Wine additionally made an appearance in orbit aboard the Discovery shuttle in 1985, when French astronaut Patrick Baudry introduced along a half bottle of 1975 Château Lynch-Bages as half of his cargo.
When they finally get some downtime, their options for leisure activities are slim, so you'd expect that a recent supply mission that delivered a dozen bottles of red wine would be a cause for celebration.
The bottles of red Bordeaux wine have been sent to space to age for a year before they return to the Earth's surface. Company officials say researchers will study how weightlessness and space radiation affect the aging process. The goal is to develop new flavors and properties for the food industry.
The bottles flew up aboard a Northrop Grumman capsule that launched from Virginia on Saturday and arrived on the Worldwide Area Station on Monday.
The clarets in question were packed individually in metal, breakage-proof canisters and will spend a year in space, presumably closed, just taunting the over-Tang-ed taste buds of all aboard. The experiment is being conducted by a Luxembourg-based start-up, called Space Cargo Unlimited along with the Universities of Bordeaux, France, and Bavaria, Germany.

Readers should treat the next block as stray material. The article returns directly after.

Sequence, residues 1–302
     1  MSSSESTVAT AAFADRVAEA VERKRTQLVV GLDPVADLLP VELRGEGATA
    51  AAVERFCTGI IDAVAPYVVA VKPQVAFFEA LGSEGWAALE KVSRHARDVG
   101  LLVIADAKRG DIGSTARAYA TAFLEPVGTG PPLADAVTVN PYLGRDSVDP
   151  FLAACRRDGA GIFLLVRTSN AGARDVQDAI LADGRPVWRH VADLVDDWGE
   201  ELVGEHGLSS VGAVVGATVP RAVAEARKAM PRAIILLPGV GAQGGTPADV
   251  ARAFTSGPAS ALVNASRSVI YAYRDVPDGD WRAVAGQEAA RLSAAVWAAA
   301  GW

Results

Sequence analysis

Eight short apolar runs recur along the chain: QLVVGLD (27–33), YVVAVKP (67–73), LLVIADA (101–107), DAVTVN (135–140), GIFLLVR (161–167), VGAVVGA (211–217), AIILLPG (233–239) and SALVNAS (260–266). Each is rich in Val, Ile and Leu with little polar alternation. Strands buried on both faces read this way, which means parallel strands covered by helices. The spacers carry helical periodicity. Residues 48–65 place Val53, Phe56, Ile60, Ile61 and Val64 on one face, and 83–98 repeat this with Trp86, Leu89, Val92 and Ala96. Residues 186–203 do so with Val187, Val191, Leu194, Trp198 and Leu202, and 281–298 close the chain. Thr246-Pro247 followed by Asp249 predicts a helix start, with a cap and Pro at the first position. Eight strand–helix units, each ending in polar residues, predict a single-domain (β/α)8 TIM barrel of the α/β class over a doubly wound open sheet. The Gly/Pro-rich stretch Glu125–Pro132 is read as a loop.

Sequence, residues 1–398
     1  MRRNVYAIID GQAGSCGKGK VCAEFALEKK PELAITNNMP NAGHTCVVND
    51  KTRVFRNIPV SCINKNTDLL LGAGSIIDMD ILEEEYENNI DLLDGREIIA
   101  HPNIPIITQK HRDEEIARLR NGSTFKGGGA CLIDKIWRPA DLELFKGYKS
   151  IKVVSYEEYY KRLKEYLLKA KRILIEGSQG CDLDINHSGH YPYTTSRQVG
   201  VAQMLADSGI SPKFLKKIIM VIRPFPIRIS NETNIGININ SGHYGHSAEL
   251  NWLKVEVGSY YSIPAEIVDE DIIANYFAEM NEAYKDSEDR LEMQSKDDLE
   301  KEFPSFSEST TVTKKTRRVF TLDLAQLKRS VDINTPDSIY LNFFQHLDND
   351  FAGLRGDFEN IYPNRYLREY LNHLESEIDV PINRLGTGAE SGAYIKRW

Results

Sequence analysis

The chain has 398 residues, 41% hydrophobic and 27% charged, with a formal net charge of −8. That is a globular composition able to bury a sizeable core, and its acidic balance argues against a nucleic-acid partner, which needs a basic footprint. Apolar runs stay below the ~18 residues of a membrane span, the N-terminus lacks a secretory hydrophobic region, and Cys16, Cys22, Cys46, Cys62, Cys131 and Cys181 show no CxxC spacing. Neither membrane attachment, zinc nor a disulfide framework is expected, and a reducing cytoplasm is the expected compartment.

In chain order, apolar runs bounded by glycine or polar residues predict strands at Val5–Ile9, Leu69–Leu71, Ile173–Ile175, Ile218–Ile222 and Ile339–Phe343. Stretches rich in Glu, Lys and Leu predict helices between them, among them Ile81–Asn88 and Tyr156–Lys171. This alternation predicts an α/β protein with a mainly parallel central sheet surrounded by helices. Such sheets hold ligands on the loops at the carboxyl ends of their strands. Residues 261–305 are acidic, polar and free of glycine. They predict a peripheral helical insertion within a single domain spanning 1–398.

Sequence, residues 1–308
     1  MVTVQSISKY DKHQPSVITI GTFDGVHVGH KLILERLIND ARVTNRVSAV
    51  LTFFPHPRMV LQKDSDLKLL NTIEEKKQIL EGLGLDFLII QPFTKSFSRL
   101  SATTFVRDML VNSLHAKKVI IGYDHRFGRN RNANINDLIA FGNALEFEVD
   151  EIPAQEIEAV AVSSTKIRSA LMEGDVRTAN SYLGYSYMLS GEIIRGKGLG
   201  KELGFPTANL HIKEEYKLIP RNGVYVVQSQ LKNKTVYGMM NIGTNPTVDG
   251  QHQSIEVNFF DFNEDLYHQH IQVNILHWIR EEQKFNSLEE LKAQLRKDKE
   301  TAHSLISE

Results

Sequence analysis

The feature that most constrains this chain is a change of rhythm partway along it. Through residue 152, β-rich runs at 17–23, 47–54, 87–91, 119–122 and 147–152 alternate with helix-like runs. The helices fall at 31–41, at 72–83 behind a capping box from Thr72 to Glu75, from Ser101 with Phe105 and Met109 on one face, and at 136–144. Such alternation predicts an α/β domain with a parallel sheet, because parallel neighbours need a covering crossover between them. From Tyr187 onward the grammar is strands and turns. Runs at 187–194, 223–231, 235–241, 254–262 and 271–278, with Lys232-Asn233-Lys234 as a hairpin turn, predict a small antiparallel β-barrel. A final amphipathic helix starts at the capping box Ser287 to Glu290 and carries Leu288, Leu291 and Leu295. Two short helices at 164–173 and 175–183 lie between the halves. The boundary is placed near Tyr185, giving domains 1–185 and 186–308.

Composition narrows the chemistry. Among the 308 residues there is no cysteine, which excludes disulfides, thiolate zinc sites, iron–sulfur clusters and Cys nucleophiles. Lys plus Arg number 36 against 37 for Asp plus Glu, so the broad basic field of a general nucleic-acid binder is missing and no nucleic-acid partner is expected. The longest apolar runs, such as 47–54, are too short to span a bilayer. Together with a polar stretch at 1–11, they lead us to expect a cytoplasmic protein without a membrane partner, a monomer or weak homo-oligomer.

As a control group, samples of the space-bound wine will remain here, amongst us humans on Earth, and will be aged simultaneously for the same 12-month period. A company spokeswoman told the outlet that any leftovers will be poured for the people who funded the research.
Nicolas Gaume, chief executive and co-founder of Space Cargo Unlimited, said: "This is a once in a lifetime adventure". In the meanwhile, NASA is also opening the space station to more business ventures like this, and eventually, private astronaut missions.
The Chicago Sun Times reports that other items also accompanied the wine, including the carbon fibre used in Lamborghinis and a chocolate chip cookie oven.
Budweiser has already despatched barley seeds to the station, with a watch to changing into the beverage of selection on Mars.
As for high-flying wine cellars, this isn't the first. The idea is to see what effect, if any, space conditions have on the microorganisms living in wine.